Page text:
‘Cabaret’ Broadway Review: Eddie Redmayne Twists the Emcee Into a Rancid Pretzel

And the Tony Award for Best Makeover of a Broadway Theater goes to… Tom Scutt, who has not only redesigned the August Wilson Theatre — now nicknamed the Kit Kat Club — but the set and costumes for the new “Cabaret” revival that opened there Sunday after a run on the West End.

You now enter the August Wilson Theatre not through the front doors but a side alley, then up a flight of steps that leads to an intimate speakeasy arrangement of tables in cubicles. Seated near the stage, which is now in-the-round, I could not visualize in my mind how this theater used to look. During intermission, I took a tour of the place — only then could I figure out that the balcony is in its original position and that a second mirror-image balcony has been built over what used to be the stage.

Rebecca Frecknall’s direction makes immediate and spectacular use of Scutt’s round stage, which quickly takes on the shape of a tiered wedding cake. Its multiple levels not only revolve, but the center opens to deliver thrilling entrances and exits for the Emcee (Eddie Redmayne), Sally Bowles (Gayle Rankin) and other denizens of the Kit Kat Club.

At first glance, Frecknall’s “Cabaret” looks quite different from Sam Mendes’ version that became a recurring staple at Studio 54 over the years. Beyond the redesigned stage and theater, there are Scutt’s costumes, which eschew the aged tackiness of the Mendes show.

Scutt’s costumes for the Emcee and the Kit Kat Club dancers are so colorfully glitzy that it looks like everybody has escaped from the Olympia doll scene in “The Tales of Hoffman.” Sally Bowles complains that the club isn’t paying her enough, and from the appearance of the chorus, all the money is going for costumes. So much for the Kit Kat being a third-rate nightclub.

Has there ever been a musical that, over the years, has evolved more than “Cabaret”? “Candide” and “Merrily We Roll Along” don’t even come close. The show’s gay content was barely suggested in the original 1966 production on Broadway (book by Joe Masteroff, score by John Kander and Fred Ebb).

Jay Presson Allen’s screenplay for the 1972 movie made explicit that Sally Bowles’ boyfriend (Michael York) is gay or bisexual; Bob Fosse’s direction, on the other hand, was careful to keep any kind of man-on-man activity off-screen. Mendes brought that sexual orientation on stage with a few kisses between the guys.

And now in Frecknall’s version, the Kit Kat Club is essentially a gay bar where anything goes. It’s not a novel idea. Twenty years ago I saw a college production at Loyola University in Los Angeles that offered up a similar same-sex take on the material.

It didn’t work at Loyola and it doesn’t work now on Broadway. Once upon a time, gay bars were a place of refuge. The inhabitants of the Kit Kat Club in “Cabaret” are not taking refuge from the outside world and its homophobia. They are oblivious to the outside world and its raging Nazism.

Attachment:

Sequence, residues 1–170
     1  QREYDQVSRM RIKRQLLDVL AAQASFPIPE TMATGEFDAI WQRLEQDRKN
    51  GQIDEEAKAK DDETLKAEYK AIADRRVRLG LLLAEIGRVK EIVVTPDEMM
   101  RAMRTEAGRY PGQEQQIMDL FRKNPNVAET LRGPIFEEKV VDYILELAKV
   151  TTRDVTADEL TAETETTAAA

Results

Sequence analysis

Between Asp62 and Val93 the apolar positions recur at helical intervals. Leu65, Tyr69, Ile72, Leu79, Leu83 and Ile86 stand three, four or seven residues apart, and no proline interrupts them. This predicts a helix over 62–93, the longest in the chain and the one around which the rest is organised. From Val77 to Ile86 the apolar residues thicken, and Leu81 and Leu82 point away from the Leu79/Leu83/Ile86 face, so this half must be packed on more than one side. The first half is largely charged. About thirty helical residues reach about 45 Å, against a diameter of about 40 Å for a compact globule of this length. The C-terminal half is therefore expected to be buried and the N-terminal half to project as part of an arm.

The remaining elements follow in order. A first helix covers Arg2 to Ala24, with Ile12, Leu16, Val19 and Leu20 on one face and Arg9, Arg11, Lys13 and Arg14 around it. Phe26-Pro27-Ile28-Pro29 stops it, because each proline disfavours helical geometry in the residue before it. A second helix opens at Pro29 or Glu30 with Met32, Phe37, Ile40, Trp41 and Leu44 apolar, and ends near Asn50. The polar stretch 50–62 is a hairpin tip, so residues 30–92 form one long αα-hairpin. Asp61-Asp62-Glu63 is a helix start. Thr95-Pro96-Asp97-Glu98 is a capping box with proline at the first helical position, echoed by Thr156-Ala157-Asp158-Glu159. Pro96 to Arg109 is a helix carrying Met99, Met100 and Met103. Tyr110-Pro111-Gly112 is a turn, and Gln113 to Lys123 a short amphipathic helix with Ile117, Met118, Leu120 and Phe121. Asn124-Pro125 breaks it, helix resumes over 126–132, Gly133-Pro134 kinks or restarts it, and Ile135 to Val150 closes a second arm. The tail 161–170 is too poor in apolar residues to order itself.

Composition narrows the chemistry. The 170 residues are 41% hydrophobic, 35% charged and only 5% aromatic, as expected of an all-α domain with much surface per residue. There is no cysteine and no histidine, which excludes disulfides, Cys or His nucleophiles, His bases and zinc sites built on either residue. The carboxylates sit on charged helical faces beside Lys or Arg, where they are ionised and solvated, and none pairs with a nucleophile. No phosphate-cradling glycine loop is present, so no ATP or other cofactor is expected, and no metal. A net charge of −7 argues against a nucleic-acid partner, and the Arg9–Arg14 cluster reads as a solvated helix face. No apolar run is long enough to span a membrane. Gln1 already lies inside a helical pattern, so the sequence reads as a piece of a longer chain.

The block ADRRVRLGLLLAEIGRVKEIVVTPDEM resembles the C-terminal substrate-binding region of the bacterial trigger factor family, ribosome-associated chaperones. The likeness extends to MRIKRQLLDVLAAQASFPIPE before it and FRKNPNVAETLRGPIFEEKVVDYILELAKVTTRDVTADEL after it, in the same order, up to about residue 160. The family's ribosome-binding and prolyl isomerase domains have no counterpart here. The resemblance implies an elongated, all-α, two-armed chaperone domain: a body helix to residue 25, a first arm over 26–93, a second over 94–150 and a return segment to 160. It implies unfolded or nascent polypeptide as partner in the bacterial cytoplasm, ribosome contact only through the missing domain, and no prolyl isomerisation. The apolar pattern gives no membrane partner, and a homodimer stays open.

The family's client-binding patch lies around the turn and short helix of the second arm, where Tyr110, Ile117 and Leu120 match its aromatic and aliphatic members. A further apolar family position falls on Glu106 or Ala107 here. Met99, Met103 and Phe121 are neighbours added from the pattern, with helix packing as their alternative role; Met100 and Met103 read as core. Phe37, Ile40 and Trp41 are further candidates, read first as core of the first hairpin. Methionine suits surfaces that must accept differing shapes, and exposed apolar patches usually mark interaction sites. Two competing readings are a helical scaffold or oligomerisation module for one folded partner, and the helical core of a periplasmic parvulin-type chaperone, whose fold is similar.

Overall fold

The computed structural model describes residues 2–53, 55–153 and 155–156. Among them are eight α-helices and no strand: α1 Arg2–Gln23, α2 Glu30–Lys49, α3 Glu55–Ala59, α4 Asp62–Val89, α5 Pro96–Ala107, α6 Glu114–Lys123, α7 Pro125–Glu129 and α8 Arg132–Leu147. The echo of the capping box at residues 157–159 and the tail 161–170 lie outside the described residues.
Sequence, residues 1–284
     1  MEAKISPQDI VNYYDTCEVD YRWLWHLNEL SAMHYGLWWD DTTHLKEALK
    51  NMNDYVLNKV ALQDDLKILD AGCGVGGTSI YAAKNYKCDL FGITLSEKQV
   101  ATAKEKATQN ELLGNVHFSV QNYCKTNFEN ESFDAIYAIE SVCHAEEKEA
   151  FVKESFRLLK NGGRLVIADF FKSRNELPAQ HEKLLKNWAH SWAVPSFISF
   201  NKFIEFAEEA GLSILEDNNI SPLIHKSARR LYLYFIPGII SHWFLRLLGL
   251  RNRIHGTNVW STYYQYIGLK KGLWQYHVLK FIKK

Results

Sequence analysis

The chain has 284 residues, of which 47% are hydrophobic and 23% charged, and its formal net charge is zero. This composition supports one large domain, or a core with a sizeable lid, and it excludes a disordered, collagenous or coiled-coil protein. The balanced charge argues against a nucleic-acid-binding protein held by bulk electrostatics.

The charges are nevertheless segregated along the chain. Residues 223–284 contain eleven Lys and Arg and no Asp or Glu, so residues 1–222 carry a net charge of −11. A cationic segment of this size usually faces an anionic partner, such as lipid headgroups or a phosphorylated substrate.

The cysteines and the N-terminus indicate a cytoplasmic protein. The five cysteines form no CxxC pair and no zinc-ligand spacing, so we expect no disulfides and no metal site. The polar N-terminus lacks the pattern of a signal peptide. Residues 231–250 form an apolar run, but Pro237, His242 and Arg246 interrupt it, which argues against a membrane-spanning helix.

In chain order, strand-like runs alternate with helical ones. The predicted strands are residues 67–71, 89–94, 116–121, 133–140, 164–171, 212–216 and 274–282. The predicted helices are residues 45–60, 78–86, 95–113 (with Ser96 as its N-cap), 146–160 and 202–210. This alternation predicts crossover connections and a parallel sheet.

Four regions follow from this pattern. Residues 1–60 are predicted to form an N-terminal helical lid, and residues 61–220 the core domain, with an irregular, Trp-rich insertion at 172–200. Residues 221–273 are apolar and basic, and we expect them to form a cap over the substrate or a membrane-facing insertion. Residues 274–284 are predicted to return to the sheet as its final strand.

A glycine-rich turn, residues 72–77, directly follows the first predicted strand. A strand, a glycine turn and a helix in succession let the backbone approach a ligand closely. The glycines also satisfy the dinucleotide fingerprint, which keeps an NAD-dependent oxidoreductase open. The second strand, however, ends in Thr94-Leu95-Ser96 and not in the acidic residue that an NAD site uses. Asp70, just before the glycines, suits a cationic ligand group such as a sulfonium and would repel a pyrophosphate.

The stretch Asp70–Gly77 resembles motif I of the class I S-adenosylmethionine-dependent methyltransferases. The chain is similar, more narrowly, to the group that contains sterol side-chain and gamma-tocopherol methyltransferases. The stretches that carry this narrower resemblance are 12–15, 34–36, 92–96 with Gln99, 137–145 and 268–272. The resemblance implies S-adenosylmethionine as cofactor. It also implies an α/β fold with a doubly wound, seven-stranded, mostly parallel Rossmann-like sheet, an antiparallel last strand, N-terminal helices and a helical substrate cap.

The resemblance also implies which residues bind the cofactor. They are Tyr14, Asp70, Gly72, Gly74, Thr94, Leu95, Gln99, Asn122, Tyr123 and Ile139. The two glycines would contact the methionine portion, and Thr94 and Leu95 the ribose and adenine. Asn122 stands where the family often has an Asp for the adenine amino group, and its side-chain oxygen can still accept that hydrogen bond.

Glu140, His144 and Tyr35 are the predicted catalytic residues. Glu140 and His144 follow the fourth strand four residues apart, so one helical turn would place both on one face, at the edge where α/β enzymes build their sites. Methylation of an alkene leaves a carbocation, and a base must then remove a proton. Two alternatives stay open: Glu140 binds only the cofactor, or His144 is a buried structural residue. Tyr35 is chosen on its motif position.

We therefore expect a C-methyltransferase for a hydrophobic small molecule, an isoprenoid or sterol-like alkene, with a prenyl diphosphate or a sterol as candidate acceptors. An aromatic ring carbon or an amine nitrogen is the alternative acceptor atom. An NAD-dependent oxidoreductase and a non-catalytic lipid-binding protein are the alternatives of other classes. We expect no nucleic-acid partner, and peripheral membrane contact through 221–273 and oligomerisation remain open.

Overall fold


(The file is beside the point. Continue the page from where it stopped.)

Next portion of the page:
Frecknell pushes the concept that this den of iniquity is somehow responsible for the rise of Nazism. When Redmayne’s Emcee dresses up in a Stormtrooper Halloween costume, when he (and not some callow youth) sings the Nazi anthem “Tomorrow Belongs to Me,” when the musical’s gay subtext is placed front and center, it gives the impression that someone (the Nazis?) needs to come in to clean up this big mess. It’s also the first “Cabaret” I’ve seen where Sally Bowles actually cures her boyfriend of his homosexuality.

Equally etrange, Frecknell has cast Sally as the Emcee’s alter ego, or vice versa. Sally and the Emcee often dress alike, rip off wigs and sport their skull caps — and, most significant, Redmayne and Rankin have been directed to be abrasive to the extreme. Rankin is able to leaven some of this harshness because Sally is a real character. She convinces us that she’s simply out of control, afflicted with a severe bipolar disorder. Because Redmayne isn’t playing a character but rather a symbol of decadence, he presents nothing but a jumble of mannerisms.

Ato Blankson-Wood plays Sally’s boyfriend Clifford, the nice gay guy who should emerge as the voice of reason. Clifford is Christopher Isherwood, who wrote the show’s original source material, “The Berlin Stories.” Clifford is the show’s moral compass. Blankson-Wood doesn’t have to replicate Rankin or Redmayne’s excesses, but there he is at the end of “Cabaret” crying, screaming and tearing up what’s left of the stage that his costars have already atomized.

Near the end of “Cabaret,” Rankin sings the title song, and like so much of this production, she only plays the subtext — that life is anything but beautiful, despite what the Emcee has been telling us. Indeed, life can be hell. She’s a little late to that realization. Redmayne is the Devil, complete with red hair, from the moment he steps on stage.

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